Kathy Wiz sports hot pink during Broadwalk on the Boardwalk
Kathy Wiz: Don Your Boas!
Sometimes a dark cloud can indeed have a silver lining. It was the dark cloud of breast cancer hovering over her and her sister that gave Rehoboth Beach resident Kathy Wiz the inspiration to be one of the organizers behind Broadwalk on the Boardwalk, the recent fundraiser for the Delaware Breast Cancer Coalition. The silver lining? The money raised by the event helps to facilitate the early detection and treatment of breast cancer.
Kathy was born in Brooklyn, but moved to Long Island when she was eight years old. She married at the tender age of 21 and had three children; one in ’72, another in ’73, and the last in ’75. She and her ex-husband grew up together and dated in college, but they divorced in 1985. Kathy stays in regular contact with her kids and her three grandchildren. 1985 was a difficult year for her, with the end of her marriage and the loss of her brother to AIDS. “It was time to move on,” she declares.
Around that time she became acquainted with Muriel Hogan, but their friendship would remain entirely platonic for almost seven years. Kathy decided to kick off this new chapter in her life by returning to school to be a substance abuse counselor. She earned her certification as a Credentialed Alcohol and Substance Abuse Counselor (CASAC), applying her talents at a 52 bed detox hospital. She loved the work, but the agency underwent some changes and she chose to leave.
She and Muriel became serious in ’92, and in ’94 they took up residence together in Rockland County, NY. Kathy enrolled in a teaching program, but still missed her counseling duties. Another silver lining glimmered on the horizon, however, and in 1996 she found what she calls her dream job: Counseling children of alcoholics and addicts. Dealing with such deep-seated trust issues was a challenge, and Kathy emphasizes, “You have to be willing to have your heart broken.” She did the work for ten years, and to this day she underscores the fact that it was a privilege to work with these special kids.
A mutual friend offered the women the use of a condo in Myrtle Beach, NC, but another friend (who was apparently familiar with Myrtle Beach—I’m just guessing here…) strongly urged them to stop off in the unquestionably more open-minded Rehoboth Beach. Kathy and Muriel responded in chorus, “Where?!” They stopped here on their way to North Carolina and then continued south, only to spend about a day there before high-tailin’ it back to Rehoboth for the rest of their vacation.
As they explored our beach town and all it has to offer, they stumbled upon Kathy Weir and the fledgling CAMP Rehoboth. Weir was her typically gracious self and spent time with them, explaining the mission and accomplishments of the organization. “If it weren’t for Kathy Weir, we’d probably not be here now.”
In 2003, Kathy Wiz and Muriel bought a condo in Rehoboth Beach as an off-season hideaway. Of course, the typical story unfolded: (1) Buy a place at the beach— just as a getaway, of course. (2) Love it. (3) Wonder why you can’t be here all the time. (4) Love it some more. (5) Resolve problem by moving here once and for all. (6) Still lovin’ it.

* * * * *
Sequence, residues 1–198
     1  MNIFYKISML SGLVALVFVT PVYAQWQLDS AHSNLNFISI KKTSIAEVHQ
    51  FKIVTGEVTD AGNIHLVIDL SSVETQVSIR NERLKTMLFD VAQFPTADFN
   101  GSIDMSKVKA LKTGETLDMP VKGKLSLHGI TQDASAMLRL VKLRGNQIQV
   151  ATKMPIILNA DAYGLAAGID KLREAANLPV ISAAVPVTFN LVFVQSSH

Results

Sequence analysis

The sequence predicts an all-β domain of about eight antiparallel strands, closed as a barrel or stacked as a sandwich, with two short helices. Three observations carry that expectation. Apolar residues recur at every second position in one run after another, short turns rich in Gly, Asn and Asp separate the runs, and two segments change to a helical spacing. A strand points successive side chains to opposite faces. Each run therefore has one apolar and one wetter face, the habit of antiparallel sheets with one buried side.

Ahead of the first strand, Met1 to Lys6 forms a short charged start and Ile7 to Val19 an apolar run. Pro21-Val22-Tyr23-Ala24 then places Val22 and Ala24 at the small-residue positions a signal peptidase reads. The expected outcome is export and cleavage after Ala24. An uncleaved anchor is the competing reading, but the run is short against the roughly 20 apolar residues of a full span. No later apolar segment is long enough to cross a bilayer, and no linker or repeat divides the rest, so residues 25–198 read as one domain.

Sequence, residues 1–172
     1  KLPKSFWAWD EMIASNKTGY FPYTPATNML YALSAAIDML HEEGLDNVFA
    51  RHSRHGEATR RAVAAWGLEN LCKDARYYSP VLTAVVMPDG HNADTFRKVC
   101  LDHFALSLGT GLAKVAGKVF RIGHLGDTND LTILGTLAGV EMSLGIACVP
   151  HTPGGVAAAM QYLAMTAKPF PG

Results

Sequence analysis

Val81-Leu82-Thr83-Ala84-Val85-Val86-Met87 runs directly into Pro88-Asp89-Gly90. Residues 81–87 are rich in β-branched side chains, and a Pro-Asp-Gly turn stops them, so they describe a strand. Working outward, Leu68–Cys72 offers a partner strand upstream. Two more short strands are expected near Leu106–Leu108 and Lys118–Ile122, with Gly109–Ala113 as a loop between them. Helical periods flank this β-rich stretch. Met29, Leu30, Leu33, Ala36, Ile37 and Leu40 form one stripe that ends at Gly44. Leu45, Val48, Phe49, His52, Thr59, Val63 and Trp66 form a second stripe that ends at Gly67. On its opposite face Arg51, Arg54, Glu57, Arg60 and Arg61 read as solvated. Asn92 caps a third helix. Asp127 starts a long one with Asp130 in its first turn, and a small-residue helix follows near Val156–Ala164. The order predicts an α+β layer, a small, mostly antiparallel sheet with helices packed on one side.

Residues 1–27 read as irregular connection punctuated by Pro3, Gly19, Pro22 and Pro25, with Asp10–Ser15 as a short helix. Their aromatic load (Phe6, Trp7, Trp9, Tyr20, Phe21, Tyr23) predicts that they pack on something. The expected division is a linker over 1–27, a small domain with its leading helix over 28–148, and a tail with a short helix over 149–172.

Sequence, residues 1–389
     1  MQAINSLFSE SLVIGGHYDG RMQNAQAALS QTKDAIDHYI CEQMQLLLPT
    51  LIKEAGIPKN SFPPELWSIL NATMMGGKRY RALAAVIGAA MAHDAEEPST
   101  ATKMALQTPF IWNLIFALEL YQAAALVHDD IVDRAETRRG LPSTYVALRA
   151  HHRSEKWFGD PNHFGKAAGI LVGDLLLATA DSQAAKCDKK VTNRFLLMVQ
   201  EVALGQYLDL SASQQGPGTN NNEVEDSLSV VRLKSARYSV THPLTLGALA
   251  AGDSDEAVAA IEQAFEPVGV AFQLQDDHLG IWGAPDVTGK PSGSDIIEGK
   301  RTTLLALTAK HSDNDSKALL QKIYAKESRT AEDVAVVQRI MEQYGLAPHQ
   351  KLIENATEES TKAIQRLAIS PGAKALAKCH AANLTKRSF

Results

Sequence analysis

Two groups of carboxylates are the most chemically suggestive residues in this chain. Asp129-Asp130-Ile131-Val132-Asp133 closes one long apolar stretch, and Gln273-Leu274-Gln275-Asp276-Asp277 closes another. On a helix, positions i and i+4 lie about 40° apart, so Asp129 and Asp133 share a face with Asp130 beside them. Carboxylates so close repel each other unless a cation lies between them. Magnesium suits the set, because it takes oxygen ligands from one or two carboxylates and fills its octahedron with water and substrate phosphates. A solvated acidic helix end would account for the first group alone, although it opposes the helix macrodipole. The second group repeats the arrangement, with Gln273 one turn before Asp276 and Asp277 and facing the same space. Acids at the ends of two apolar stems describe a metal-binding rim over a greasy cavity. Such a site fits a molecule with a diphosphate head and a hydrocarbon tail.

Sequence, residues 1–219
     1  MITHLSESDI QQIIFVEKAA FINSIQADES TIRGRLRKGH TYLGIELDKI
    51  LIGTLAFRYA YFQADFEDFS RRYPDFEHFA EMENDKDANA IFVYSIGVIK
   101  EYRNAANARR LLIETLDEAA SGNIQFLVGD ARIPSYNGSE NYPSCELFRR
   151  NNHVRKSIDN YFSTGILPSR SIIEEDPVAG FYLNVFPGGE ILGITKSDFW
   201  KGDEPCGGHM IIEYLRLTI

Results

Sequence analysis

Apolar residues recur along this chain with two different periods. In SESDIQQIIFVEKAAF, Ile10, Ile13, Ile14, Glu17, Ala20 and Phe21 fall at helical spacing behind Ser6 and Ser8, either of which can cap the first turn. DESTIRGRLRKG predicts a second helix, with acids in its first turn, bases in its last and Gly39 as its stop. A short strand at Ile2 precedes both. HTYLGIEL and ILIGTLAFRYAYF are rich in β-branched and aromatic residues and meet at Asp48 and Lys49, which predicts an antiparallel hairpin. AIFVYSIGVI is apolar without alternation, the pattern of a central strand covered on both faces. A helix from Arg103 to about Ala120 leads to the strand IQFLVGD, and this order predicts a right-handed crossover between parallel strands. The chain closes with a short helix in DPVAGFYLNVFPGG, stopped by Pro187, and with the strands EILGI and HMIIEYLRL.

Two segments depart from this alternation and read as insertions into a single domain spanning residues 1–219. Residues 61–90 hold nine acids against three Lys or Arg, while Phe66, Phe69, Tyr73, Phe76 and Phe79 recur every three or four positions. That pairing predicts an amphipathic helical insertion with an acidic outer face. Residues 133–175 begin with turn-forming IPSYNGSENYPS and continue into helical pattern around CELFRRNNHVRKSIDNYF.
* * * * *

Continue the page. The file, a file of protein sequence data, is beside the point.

And just like clockwork, the women bought a house in 2007, becoming full-time residents in 2008. “We never looked back,” Kathy smiles. “We got here and we were home.”
She celebrates her dedication to CAMP Rehoboth by serving as a member of CAMP Rehoboth’s Board of Directors, among other things. Recently she suggested the creation of an event that would be centered on breast cancer. The resulting Broadwalk on the Boardwalk was made a part of CAMP Rehoboth’s annual Women’s FEST held this year from
April 11-14. Time was carved out on Sunday morning of the big weekend and the efforts of CAMP Rehoboth, together with the Delaware Breast Cancer Coalition, culminated in a massive group of boa-clad women trekking down the Boardwalk. There was no registration, everybody was invited, and donations were voluntary. Corporate and private contributions brought the total to $8500!
Boas, you ask? Why, yes: Each participant was allotted a boa: Regular participants displayed pink ones and cancer survivors sported hot pink. In fact, the event will be expanded next year to include survivors of all types of cancer, and those marchers will wear bright lavender boas. “It’s a fun event for a serious cause,” smiles Kathy, “and let’s face it, you just can’t take yourself too seriously when you’re wearing a boa.” Words to live by!
As our interview came to an end, I asked her how she maintains all that energy. There’s a lot of emotion and sentiment behind Kathy’s dedication to the cause and to the event, given the loss of her brother, her sister’s courageous fight against the disease, and her own survival. “There are no regrets,” she says. “Just lessons.” More words to live by.
Bob Yesbek is a Rehoboth Beach resident. Email Bob Yesbek